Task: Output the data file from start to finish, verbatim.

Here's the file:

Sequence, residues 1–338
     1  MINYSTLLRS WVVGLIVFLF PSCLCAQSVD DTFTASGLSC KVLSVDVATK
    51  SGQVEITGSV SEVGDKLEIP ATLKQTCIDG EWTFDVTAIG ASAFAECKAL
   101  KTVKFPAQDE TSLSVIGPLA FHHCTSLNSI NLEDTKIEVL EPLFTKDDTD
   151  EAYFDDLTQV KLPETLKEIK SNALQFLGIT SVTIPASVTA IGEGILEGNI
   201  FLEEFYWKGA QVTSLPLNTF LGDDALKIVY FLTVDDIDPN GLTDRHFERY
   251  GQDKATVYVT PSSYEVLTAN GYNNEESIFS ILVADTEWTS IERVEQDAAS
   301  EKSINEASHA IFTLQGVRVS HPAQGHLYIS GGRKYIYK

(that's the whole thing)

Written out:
Sequence, residues 1–338
     1  MINYSTLLRS WVVGLIVFLF PSCLCAQSVD DTFTASGLSC KVLSVDVATK
    51  SGQVEITGSV SEVGDKLEIP ATLKQTCIDG EWTFDVTAIG ASAFAECKAL
   101  KTVKFPAQDE TSLSVIGPLA FHHCTSLNSI NLEDTKIEVL EPLFTKDDTD
   151  EAYFDDLTQV KLPETLKEIK SNALQFLGIT SVTIPASVTA IGEGILEGNI
   201  FLEEFYWKGA QVTSLPLNTF LGDDALKIVY FLTVDDIDPN GLTDRHFERY
   251  GQDKATVYVT PSSYEVLTAN GYNNEESIFS ILVADTEWTS IERVEQDAAS
   301  EKSINEASHA IFTLQGVRVS HPAQGHLYIS GGRKYIYK